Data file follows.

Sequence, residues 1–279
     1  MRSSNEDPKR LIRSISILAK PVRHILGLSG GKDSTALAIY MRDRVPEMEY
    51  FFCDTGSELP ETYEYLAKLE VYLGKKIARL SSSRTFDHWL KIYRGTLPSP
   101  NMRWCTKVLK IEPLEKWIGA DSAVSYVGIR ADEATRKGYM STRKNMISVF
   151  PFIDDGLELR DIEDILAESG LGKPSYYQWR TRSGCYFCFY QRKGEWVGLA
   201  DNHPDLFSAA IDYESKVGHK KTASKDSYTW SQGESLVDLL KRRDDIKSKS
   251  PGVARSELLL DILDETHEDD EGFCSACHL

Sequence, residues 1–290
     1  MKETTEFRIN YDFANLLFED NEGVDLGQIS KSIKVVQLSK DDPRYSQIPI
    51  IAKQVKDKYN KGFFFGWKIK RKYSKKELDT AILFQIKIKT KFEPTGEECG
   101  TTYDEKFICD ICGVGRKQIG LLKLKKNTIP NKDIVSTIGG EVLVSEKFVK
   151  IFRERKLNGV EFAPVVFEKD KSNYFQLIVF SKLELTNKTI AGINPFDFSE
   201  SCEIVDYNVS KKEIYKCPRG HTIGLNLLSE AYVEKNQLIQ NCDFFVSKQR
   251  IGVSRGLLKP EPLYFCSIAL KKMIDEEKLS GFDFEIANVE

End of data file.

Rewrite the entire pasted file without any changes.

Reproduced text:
Sequence, residues 1–279
     1  MRSSNEDPKR LIRSISILAK PVRHILGLSG GKDSTALAIY MRDRVPEMEY
    51  FFCDTGSELP ETYEYLAKLE VYLGKKIARL SSSRTFDHWL KIYRGTLPSP
   101  NMRWCTKVLK IEPLEKWIGA DSAVSYVGIR ADEATRKGYM STRKNMISVF
   151  PFIDDGLELR DIEDILAESG LGKPSYYQWR TRSGCYFCFY QRKGEWVGLA
   201  DNHPDLFSAA IDYESKVGHK KTASKDSYTW SQGESLVDLL KRRDDIKSKS
   251  PGVARSELLL DILDETHEDD EGFCSACHL

Sequence, residues 1–290
     1  MKETTEFRIN YDFANLLFED NEGVDLGQIS KSIKVVQLSK DDPRYSQIPI
    51  IAKQVKDKYN KGFFFGWKIK RKYSKKELDT AILFQIKIKT KFEPTGEECG
   101  TTYDEKFICD ICGVGRKQIG LLKLKKNTIP NKDIVSTIGG EVLVSEKFVK
   151  IFRERKLNGV EFAPVVFEKD KSNYFQLIVF SKLELTNKTI AGINPFDFSE
   201  SCEIVDYNVS KKEIYKCPRG HTIGLNLLSE AYVEKNQLIQ NCDFFVSKQR
   251  IGVSRGLLKP EPLYFCSIAL KKMIDEEKLS GFDFEIANVE